Students do not apply to NSF to participate in REU activities. Students apply directly to REU Sites or to NSF-funded investigators who receive REU Supplements. To identify appropriate REU Sites, students should consult the directory of active REU Sites on the Web at http://www.nsf.gov/crssprgm/reu/reu_search.cfm.
Competitions with an August 23, 2018 deadline
• Education Research Grants (84.305A)
• Special Education Research Grants (84.324A)
• Research Training Programs in Special Education (84.324B)
• Statistical and Research Methodology in Education Competition (84.305D)
• Partnerships and Collaborations Focused on Problems of Practice or Policy (84.305H)
Letter of Intent Due: June 21, 2018
Full Application Due: August 23, 2018
Competitions with a March 7, 2019 deadline
• Low-Cost, Short-Duration Evaluation of Education Interventions (84.305L)
• Low-Cost, Short-Duration Evaluation of Special Education Interventions(84.324L)
Letter of Intent Due: January 10, 2019
Full Application Due: March 7, 2019
Deadline: August 28, 2018
The National Science Foundation Robert Noyce Teacher Scholarship Program seeks to encourage talented science, technology, engineering, and mathematics (STEM) majors and professionals to become K-12 mathematics and science (including engineering and computer science) teachers. The program invites creative and innovative proposals that address the critical need for recruiting and preparing highly effective elementary and secondary science and mathematics teachers in high-need local educational agencies. The program offers four tracks: Track 1: The Robert Noyce Teacher Scholarships and Stipends Track, Track 2: The NSF Teaching Fellowships Track, Track 3: The NSF Master Teaching Fellowships Track, and Track 4: Noyce Research Track. In addition, Capacity Building proposals are accepted from proposers intending to develop a future Track 1, 2, or 3 proposal.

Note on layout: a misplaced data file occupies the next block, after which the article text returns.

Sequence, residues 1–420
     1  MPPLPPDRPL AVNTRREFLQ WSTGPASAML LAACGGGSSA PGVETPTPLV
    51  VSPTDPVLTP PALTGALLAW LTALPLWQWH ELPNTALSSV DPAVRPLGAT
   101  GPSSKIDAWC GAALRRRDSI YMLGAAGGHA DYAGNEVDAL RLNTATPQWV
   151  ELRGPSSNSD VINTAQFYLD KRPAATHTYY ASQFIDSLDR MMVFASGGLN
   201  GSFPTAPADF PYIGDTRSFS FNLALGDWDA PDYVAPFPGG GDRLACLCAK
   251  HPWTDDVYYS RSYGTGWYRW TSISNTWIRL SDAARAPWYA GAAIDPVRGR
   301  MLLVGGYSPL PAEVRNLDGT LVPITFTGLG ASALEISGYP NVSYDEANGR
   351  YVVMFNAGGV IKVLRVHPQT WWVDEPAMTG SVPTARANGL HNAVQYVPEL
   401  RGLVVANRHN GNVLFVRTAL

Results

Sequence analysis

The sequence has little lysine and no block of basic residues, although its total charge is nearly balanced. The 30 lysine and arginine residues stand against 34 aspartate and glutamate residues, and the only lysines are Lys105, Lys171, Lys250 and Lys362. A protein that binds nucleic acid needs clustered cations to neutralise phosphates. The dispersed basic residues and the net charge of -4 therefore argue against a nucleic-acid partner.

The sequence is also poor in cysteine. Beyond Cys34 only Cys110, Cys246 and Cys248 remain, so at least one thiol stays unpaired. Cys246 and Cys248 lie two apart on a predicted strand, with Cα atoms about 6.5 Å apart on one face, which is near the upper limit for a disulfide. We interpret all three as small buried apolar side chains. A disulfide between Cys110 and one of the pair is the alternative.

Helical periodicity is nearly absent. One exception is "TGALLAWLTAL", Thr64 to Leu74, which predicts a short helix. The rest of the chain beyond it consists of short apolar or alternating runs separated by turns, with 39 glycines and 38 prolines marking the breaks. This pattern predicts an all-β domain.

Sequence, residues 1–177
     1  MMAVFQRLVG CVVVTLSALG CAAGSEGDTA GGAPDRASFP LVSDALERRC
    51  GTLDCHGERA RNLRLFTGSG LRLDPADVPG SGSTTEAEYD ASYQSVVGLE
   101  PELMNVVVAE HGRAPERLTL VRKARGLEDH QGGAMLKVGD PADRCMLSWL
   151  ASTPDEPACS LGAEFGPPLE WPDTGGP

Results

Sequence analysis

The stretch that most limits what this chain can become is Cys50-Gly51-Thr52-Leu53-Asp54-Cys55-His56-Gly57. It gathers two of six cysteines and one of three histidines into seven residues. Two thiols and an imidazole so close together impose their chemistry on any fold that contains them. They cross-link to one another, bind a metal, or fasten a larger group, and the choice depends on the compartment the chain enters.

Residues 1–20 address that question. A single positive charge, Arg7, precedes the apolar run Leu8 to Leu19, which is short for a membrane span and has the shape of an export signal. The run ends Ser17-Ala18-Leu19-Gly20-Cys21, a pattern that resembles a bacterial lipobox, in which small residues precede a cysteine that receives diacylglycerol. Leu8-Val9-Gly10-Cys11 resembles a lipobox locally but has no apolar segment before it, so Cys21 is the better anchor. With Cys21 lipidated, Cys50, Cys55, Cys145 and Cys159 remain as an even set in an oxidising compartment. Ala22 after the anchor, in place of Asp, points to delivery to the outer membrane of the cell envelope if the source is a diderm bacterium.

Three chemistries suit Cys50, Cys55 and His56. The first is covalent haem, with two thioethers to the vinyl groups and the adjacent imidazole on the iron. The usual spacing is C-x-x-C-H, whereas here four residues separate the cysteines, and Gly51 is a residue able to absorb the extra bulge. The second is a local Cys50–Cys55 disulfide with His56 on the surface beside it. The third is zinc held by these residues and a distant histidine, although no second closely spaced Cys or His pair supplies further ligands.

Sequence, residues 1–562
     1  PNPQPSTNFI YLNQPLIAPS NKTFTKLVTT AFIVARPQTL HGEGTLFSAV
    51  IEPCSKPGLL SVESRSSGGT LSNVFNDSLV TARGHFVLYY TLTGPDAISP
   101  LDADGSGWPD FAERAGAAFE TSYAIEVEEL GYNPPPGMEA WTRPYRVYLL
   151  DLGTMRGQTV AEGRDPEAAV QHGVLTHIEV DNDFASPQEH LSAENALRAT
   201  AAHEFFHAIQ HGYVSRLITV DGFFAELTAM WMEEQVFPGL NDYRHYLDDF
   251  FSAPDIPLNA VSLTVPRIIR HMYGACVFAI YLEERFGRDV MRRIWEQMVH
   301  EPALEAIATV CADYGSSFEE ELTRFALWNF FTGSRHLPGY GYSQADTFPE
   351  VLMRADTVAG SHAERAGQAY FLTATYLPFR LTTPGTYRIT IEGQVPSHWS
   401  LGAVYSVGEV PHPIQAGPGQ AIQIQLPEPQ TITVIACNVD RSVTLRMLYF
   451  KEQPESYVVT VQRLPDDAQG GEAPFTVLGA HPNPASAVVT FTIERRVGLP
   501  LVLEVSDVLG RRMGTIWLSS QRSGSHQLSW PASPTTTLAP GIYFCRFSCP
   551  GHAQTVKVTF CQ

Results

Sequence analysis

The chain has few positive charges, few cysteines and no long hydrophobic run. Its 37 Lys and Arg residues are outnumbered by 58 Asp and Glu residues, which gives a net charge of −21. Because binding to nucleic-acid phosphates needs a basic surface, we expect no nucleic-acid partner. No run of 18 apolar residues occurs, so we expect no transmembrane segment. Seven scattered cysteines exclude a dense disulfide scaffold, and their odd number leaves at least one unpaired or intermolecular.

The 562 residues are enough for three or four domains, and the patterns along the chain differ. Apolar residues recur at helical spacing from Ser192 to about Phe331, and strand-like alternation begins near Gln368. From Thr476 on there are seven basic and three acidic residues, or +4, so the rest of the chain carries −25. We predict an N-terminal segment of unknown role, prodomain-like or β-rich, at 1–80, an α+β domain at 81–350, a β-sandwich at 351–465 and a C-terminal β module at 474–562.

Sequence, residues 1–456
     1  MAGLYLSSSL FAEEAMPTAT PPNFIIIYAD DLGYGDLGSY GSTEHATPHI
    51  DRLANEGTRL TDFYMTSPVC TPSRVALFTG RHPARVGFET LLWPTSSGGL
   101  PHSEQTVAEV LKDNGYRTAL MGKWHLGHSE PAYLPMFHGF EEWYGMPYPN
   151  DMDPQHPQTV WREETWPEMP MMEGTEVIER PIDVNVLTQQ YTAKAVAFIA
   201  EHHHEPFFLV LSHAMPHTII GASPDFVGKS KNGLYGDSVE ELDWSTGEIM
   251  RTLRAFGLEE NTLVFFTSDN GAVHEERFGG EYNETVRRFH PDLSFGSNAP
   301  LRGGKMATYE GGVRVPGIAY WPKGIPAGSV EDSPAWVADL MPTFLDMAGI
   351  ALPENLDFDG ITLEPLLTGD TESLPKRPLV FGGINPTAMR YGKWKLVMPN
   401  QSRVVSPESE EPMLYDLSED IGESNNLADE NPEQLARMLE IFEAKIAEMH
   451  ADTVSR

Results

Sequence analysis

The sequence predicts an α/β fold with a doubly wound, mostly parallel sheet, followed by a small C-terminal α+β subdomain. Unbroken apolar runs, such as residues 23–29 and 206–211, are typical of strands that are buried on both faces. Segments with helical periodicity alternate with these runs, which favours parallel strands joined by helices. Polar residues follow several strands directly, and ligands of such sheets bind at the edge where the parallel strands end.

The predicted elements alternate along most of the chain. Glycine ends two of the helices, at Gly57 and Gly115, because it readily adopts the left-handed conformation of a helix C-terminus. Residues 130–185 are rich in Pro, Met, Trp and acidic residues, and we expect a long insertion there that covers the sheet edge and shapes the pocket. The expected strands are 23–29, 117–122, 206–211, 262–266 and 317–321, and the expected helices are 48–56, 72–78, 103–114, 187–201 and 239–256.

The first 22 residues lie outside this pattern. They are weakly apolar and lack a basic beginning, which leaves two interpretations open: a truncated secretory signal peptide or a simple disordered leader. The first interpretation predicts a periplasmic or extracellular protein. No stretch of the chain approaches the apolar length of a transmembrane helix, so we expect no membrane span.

Deadline: August 30, 2018
The Methodology, Measurement, and Statistics (MMS) Program is an interdisciplinary program in the Directorate for Social, Behavioral, and Economic Sciences that supports the development of innovative, analytical, and statistical methods and models for those sciences. MMS seeks proposals that are methodologically innovative, grounded in theory, and have potential utility for multiple fields within the social and behavioral sciences. As part of its larger portfolio, the MMS Program partners with a consortium of federal statistical agencies to support research proposals that further the development of new and innovative approaches to surveys and to the analysis of survey data.
The MMS Program provides support through a number of different funding mechanisms. The following mechanisms are addressed in this solicitation:
• Regular Research Awards